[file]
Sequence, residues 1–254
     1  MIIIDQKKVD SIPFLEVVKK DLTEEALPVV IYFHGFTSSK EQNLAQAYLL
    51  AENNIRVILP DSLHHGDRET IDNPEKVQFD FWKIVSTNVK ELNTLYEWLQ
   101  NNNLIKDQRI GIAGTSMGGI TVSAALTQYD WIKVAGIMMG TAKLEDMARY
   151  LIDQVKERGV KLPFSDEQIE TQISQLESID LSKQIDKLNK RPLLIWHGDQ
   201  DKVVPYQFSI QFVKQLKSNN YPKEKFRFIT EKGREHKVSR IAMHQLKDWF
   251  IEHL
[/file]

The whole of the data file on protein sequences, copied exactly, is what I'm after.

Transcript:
Sequence, residues 1–254
     1  MIIIDQKKVD SIPFLEVVKK DLTEEALPVV IYFHGFTSSK EQNLAQAYLL
    51  AENNIRVILP DSLHHGDRET IDNPEKVQFD FWKIVSTNVK ELNTLYEWLQ
   101  NNNLIKDQRI GIAGTSMGGI TVSAALTQYD WIKVAGIMMG TAKLEDMARY
   151  LIDQVKERGV KLPFSDEQIE TQISQLESID LSKQIDKLNK RPLLIWHGDQ
   201  DKVVPYQFSI QFVKQLKSNN YPKEKFRFIT EKGREHKVSR IAMHQLKDWF
   251  IEHL